Reading Incentives

Kiki is a reader. The only way I could get her to stop reading would be to remove all printed matter from the house and then she’d be off at the neighbors begging for books. This is a good thing.

Link is just beginning to learn to read. His road to reading fluency is not going to be as easy as Kiki’s was. In an effort to make reading something Link wants to do, I’ve insituted a reading incentive program. In the interests of avoiding whining, I’ve included Kiki.

Link and Kiki each get to pick an Item they want to earn, a toy, or a game, basically whatever shiny thing currently has their eye. Then based on the price of the item we set up a chart with check boxes to mark off points. Each point is worth roughly 10 cents, so a $10 item is 100 points. Link gets one point for each 8 page phonics reader book he reads. Kiki gets one point for each 25 pages of a chapter book that she reads.

So far so good. My goal for both children is literacy and that can be gained by being read to, as well as by reading. Unfortunately finding time to sit down and read to Link or Kiki is very difficult. Invariably Gleek comes along and plops in the middle of the story. Then she gets bored because there are no pictures. Then she begins climbing the back of the couch and doing acrobatics over our heads. This always ends in her landing on us and somebody crying. Patches ends reading sessions even more quickly by climbing into the middle of the snuggle and then grabbing the book.

But tonight I had a brilliant idea. Tonight I turned to Kiki and told her she’d get triple points on anything that she read to Link. And I turned to Link and told him that however many points Kiki got, he’d get the same number. They both lit up and ran off to go read. It’s educational Judo! I have them teaching each other! I love it when I can manage stuff like this.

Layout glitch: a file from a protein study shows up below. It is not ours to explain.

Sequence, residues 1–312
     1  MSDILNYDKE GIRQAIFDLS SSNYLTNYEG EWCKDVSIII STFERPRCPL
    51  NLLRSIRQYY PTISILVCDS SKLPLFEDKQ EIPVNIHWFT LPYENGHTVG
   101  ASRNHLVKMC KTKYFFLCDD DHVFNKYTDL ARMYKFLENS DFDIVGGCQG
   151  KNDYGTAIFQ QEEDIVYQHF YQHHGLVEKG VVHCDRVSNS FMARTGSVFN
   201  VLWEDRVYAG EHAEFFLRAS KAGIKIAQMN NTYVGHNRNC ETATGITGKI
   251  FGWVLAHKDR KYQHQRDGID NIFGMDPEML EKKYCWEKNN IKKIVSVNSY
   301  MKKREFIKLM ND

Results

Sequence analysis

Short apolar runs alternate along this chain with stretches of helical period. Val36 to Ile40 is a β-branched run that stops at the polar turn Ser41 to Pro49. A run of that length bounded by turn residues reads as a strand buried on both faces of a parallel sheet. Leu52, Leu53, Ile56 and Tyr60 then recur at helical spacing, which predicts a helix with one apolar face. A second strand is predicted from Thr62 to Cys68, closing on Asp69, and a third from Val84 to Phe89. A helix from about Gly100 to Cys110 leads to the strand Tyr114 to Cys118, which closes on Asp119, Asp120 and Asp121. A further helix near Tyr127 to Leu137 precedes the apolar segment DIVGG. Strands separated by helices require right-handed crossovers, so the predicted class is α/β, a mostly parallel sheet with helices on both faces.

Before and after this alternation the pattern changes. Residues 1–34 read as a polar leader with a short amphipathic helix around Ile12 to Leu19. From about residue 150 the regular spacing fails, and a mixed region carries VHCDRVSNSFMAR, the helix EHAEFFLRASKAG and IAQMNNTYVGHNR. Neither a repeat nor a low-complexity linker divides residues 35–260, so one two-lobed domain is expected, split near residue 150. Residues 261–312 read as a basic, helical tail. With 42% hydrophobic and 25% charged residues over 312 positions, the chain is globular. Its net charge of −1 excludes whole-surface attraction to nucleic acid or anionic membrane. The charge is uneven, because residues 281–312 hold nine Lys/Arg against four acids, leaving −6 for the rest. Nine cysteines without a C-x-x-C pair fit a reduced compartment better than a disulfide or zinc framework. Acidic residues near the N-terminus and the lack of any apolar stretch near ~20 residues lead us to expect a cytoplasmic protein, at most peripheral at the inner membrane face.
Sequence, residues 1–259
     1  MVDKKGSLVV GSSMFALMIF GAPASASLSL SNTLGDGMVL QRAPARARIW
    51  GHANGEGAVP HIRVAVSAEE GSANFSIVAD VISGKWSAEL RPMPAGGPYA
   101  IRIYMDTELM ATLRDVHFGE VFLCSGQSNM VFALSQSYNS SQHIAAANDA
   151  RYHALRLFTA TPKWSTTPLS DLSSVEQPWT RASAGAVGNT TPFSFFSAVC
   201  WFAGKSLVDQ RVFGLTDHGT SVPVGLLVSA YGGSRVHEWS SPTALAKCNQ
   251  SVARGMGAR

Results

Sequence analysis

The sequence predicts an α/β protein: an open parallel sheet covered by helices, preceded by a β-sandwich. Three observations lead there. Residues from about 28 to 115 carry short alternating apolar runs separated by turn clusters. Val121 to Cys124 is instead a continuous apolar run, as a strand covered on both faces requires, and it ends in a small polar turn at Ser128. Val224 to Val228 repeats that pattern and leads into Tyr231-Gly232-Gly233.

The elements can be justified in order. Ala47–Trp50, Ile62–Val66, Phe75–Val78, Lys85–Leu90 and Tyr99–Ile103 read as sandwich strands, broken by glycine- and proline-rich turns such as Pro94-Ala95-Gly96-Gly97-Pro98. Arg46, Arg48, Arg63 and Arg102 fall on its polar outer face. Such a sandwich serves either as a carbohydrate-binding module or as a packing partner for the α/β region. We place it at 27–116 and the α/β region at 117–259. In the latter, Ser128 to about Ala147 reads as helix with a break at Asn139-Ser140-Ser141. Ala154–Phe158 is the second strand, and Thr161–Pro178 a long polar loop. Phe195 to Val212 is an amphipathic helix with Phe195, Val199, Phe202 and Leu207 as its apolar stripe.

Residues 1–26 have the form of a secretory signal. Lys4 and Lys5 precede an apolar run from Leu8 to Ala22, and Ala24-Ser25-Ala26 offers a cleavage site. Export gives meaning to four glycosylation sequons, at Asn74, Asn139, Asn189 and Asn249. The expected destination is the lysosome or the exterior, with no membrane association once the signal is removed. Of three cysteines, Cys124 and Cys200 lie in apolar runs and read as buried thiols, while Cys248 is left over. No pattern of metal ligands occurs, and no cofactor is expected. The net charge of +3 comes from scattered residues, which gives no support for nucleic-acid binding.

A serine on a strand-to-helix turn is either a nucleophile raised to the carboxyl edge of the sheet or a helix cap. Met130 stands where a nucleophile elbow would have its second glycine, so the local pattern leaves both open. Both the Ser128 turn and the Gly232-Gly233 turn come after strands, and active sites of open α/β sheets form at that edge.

8 thoughts on “Reading Incentives”

  1. Bad mommy indeed. *scoffs, lightly, at the idea*

    Your original idea was good enough, and the later one is, as you say, brilliant. Now you need to get them to start playing strategy board games… 😉

  2. That’s the next step. First, Cosmic, Puerto Rico, Carcassonne. All that stuff.

    Well, RPG’s can come there too. Order doesn’t matter, as long as they all play all of them. 😉

  3. I have this feeling…

    That this will end up costing you a small fortune…

    But hey, getting kids to love to read? worth the price…

    With out books, I’d have topped a bell-tower with a rifle ages ago…

  4. Heh. We taught my seven-year old son how to play “Carcassonne.” He’s not bad, but has a tendency to go for the quick, small points.

  5. Kiki sounds like me…

    …I’m reliably informed the one thing I could say that would fill my parents with fear and dread (particularly if we were on a long car journey or some such) was “I haven’t got anything to reee-eeead! *wah!*” 🙂

  6. Re: I have this feeling…

    So far the incentive plan has cost less than $5 a month per child. I don’t push them to read. I occasionally remind them that it is an option, but the point of the plan is to motivate them so that they come to me about reading. It works in spurts and that’s fine.

  7. Re: I have this feeling…

    That is so cool. Reading – what a great gift for life!

    Has Kiki asked you yet about getting points for reading to Glink? 🙂

    Glink’s about at the age my husband was when he was taught to read. His older sister and her best friend decided to play School over the summer, and a younger brother who couldn’t get away was the perfect “student”. He’s been in love with reading ever since.

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